Family Structure and Aggression among Children/Adolescents

Happy family. Parents and kids in a line

Looks can be deceiving

Several features of the home environment are known to have a significant impact on aggression among children and adolescents. One feature that has received much attention in the psychological literature is family structure. Sheline, Skipper and Broadhead (1994, cited in Summers and Bakken, 2006) found that when compared to non-violent children, violent youngsters are about six times more likely to have unmarried parents and 11 times as likely to live with their fathers only. Other studies suggest that a lack of contact with fathers may also increase aggression. Pfiffner, McBurnett, and Rathouz (2001, cited in Summers & Bakken, 2006), for example, found a gradual rise in violent behavior starting with youths who lived with both parents, increasing for those who had some contact with their fathers and increasing further for those who had no contact with their fathers.  Similarly, Fagan and Rector (2000, cited in Smith & Green, 2007),  found that children from father-absent households usually harbor feelings of hostility, associate with deviant peers and get involved in negative activities.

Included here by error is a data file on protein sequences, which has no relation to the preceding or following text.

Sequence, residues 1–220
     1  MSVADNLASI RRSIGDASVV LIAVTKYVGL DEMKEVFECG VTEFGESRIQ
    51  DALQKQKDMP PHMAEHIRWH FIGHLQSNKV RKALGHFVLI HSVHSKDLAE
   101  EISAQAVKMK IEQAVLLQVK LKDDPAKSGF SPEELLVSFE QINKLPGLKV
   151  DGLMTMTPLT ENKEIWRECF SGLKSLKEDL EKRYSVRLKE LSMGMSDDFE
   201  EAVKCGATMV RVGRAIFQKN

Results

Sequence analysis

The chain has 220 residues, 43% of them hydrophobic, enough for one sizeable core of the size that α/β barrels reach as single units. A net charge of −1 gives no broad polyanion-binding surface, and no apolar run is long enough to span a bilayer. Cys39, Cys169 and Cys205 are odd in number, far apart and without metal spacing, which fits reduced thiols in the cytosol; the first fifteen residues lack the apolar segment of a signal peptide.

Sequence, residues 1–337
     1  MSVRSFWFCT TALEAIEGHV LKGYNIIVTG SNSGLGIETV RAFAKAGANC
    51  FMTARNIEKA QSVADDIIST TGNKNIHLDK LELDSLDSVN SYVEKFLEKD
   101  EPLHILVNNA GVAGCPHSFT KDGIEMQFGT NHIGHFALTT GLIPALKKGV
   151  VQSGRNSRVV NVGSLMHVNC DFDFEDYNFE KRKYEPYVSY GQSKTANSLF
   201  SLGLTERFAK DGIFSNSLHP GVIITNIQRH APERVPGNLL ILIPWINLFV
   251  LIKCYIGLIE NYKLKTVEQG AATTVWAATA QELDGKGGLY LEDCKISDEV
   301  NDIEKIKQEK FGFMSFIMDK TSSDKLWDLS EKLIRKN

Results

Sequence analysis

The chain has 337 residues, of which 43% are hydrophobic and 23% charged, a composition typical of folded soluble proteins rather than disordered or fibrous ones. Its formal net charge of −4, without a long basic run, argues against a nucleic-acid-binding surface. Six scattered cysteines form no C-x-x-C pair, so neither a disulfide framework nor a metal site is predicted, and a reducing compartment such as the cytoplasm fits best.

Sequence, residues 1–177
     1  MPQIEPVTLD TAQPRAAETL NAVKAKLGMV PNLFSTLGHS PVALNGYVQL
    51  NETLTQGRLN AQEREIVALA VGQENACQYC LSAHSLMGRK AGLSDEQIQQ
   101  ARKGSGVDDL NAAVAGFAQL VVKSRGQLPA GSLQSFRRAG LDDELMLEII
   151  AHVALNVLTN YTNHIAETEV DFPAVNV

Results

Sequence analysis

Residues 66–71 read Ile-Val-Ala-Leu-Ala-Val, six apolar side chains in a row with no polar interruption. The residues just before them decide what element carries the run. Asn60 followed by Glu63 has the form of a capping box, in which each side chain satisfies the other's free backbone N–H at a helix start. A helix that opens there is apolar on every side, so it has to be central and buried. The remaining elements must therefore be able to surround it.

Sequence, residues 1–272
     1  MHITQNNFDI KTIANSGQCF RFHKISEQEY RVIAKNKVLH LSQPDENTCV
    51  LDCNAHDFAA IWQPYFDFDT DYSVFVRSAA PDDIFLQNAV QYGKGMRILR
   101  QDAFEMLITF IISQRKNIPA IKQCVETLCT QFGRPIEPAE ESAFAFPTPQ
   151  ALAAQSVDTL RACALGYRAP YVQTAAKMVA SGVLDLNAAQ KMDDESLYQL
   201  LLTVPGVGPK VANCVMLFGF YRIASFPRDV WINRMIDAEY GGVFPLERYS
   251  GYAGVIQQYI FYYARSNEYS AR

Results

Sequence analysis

The increased risk of adverse outcomes for children who live apart from their biological fathers appear to occur regardless of race, education, or mother’s remarriage (Amato, 2000, cited in Carlson, 2006; Cherlin, 1999, cited in Carlson, 2006; McLanahan & Sandefur, 1994, cited in Carlson, 2006). Similar results have been found in Jamaica, linking father-absence with delinquency among adolescent males (Crawford-Brown, 1999, cited in Smith & Green, 2007), while the presence of a father in the household appears to protect against maladaptive behaviours, including aggression (Leo-Rhynie, 1997, cited in Smith & Green, 2007). [showmyads]